Is social media in charge for the violence on the U.S. Capitol?

In a 2017 article in the Journal of Democracy, we answer this question with two observations. First, social media is a tool to give a voice to those who are excluded from access to mainstream media. Second, those who use social media can censor and manipulate information in an attempt to silence the voices of others, even though social media democratizes access to information. Some of these forms of censorship – such as obstructing access to information or threatening potential opponents – are centuries old. Others – like using bots and trolls to change online conversation – are specifically addressing the digital age.

Taken together, these two factors – the use of online tools to expand the ability to speak and expand the ability to remain silent – can shed light on the complex relationship between social media and democracy. We conclude that social media itself is neither inherently democratic nor non-democratic, but another arena in which political actors struggle for power.

A new hope: liberation technology

First, let’s look at autocratic societies. Who is excluded from the mainstream media in such countries? While it is important to remember that many forces can be excluded (including many that may be anti-regime but still illiberal themselves), this category undoubtedly includes pro-democracy forces.

Social media can help these opposition actors figure out how to work together and solve what political scientists refer to as “collective action problems”. Future democrats can find each other, find hidden support for democracy, connect with like-minded citizens, coordinate political planning, and organize direct political actions such as protests – all without the aid of state media and sometimes without being spotted by the state surveillance.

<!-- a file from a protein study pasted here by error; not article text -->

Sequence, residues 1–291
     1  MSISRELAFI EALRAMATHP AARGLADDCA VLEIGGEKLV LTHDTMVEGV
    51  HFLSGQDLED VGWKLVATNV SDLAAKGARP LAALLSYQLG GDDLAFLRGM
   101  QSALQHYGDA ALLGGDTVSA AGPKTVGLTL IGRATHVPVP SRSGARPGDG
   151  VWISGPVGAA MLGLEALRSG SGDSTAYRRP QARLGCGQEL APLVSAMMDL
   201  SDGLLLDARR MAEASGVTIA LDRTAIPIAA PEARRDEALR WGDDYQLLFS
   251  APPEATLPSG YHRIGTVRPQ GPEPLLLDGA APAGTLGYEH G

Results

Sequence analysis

But if pro-democracy forces can find out, so can the regimes they target can find out.

The empire strikes back: repression technology

Autocratic regimes, in the face of online opposition, have several options for countering these threats.

One way to characterize these different options is to think about how the social media user experiences them. The regime can perform offline reactions, e.g. B. intimidating or arresting opposition activists, changing the ownership structure of media companies, or adapting liability laws that the social media user may never see directly. The regime can also start online responses: restrict access to content that the user may or may not directly notice; or engaging with online content to shape the online preservation that the user will definitely experience.

One of us (Roberts) categorizes these strategic options in her upcoming book, “Censored: Distraction and Distraction in China’s Great Firewall” as the “three Fs” of censorship in the digital age. Fear is censorship through intimidation, which can include incarceration, physical harm, loss of livelihood, and so on. Friction is censorship that makes it harder to find information by removing content or slowing down access, including removing social media posts, rearranging search results, or slowing down web pages. Flood censors contradict views by loading the online space with pro-regime messages or simply adding spam or noise, making it harder to find the opposition’s message.